Monday, October 14, 2019

Chasing References - Socorro Edition

As many of you know, especially those who visit here regularly, I sometimes chase footnotes because it provides, well, a different perspective on some UFO reports. Finding the footnotes to chase isn’t all that easy and it is usually the result of researching another aspect of the UFO field. Sometimes, however, it can be a single reference in a book or article that triggers a question or two.

Such is the case of an article in the September 2019 issue of The MUFON Journal. Yes, I touched on this in the report on my interview with Don Burleson, and I don’t mean to target him here, but there is a point that needs to be made. As noted, you can hear our discussion in the last half of the October 9 interview.
The statement in question, the one that caught my attention, and frankly the attention of some others, said:

April 24, 1964, when Socorro policeman Lonnie Zamora saw an egg-shaped, whitish object down in a gully and observed a red symbol on its surface. As investigator Ray Stanford discovered, authorities soon published an altered version of the symbol in order to guard against copycat reports, but area military pilots would have been given a classified briefing to warn them to be on the lookout for any airborne craft bearing the insignia the way Zamora had really seen it, an inverted V with three horizonal lines through its middle. Clearly the Socorro object and the Holloman object were somehow related, though I [Don Burleson] infer from various details that the Holloman object was probably larger.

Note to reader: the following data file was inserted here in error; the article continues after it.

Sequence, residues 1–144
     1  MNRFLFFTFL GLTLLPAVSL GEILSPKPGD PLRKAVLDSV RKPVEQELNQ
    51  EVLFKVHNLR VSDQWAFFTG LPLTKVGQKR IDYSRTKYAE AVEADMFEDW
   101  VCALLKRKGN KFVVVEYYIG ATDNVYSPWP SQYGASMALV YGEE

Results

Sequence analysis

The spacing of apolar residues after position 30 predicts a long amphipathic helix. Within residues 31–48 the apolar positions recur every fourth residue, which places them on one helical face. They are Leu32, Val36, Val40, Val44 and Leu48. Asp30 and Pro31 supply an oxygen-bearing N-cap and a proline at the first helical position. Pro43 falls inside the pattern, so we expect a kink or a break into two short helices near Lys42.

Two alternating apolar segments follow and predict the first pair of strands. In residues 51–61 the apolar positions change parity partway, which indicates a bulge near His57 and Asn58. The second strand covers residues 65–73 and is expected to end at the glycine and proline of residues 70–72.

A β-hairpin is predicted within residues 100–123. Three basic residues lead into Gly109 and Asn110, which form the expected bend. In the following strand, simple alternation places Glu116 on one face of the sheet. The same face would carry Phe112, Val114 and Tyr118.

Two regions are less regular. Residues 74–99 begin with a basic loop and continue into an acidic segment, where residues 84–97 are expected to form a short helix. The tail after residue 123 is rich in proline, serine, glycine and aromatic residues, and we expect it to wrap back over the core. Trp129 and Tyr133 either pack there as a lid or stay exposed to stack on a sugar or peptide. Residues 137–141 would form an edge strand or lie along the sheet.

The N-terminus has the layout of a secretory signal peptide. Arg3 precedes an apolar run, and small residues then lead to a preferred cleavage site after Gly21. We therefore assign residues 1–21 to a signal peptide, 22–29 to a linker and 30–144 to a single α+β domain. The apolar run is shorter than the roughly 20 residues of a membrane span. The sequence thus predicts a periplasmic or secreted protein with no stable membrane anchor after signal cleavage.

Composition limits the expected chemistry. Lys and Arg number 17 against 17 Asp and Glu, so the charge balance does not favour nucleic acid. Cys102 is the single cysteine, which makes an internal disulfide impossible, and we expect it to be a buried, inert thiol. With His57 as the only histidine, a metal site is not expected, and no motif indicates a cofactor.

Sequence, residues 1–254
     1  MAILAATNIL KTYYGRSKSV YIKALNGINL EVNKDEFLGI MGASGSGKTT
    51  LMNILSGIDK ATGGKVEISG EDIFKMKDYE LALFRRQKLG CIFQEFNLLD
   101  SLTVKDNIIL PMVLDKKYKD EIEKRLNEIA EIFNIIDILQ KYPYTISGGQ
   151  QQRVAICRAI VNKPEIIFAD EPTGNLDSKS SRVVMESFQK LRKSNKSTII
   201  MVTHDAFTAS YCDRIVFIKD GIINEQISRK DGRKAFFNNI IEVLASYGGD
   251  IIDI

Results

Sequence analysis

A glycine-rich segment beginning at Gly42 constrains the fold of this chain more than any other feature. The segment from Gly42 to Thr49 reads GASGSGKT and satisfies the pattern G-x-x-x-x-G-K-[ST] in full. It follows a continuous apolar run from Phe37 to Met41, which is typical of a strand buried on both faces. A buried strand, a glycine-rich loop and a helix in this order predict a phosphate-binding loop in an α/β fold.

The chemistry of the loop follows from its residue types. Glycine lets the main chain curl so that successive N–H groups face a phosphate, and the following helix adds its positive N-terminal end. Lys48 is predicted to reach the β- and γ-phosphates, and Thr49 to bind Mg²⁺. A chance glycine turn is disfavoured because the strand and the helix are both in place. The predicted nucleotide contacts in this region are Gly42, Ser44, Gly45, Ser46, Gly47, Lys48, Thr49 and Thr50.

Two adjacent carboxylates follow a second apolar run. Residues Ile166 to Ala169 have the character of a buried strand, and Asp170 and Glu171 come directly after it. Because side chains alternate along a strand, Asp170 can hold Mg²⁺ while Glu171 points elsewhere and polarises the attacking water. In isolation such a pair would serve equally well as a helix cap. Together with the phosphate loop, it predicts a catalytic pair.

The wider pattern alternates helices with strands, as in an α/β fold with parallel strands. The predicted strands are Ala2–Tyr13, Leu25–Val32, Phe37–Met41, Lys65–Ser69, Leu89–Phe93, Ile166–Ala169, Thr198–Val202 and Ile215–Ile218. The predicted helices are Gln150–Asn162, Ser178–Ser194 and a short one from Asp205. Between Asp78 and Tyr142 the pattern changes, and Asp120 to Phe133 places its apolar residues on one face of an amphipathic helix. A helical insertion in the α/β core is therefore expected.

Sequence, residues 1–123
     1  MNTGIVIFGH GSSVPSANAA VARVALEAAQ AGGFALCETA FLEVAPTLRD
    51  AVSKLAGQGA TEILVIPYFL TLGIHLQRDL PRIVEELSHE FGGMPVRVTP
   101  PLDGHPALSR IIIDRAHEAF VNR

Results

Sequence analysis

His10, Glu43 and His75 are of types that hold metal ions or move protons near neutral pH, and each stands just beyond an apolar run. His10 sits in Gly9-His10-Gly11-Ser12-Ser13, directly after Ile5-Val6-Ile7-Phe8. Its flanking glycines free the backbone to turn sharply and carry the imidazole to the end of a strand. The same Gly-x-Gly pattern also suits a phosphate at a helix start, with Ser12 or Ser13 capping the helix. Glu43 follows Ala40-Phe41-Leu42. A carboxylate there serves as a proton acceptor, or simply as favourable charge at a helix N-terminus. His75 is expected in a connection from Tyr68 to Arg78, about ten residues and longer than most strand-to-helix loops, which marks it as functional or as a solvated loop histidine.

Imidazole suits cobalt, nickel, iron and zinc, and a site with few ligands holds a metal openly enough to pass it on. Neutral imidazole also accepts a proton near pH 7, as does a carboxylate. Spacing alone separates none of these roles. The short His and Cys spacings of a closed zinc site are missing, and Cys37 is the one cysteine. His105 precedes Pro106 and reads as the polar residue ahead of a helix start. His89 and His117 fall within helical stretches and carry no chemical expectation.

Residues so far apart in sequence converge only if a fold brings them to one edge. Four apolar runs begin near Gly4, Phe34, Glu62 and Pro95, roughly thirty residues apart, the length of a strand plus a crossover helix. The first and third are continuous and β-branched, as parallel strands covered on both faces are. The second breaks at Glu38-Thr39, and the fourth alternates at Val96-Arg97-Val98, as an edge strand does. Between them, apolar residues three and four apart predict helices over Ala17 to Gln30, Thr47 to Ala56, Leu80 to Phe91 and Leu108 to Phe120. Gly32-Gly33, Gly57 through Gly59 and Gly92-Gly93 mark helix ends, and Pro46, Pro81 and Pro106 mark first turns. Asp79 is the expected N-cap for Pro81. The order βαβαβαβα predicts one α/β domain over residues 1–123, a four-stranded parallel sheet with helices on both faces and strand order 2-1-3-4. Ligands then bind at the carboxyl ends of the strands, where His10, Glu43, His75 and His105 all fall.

The problem here is that there are errors in the thinking and speculation that is presented almost as if it is fact. The first real problem is the claim that the correct symbol is the inverted V with the three lines through it. This is the information supplied by Ben Moss, Tony Angiola and Ray Stanford. The trouble here is that
Zamora's sketch of the symbol made moments
after the object took off.
Zamora drew the correct symbol, that is an arc over an arrow with a line under it on two occasions. As the object departed, he drew the symbol on a scrap of paper and that scrap can be found in the Project Blue Book files. He signed that illustration.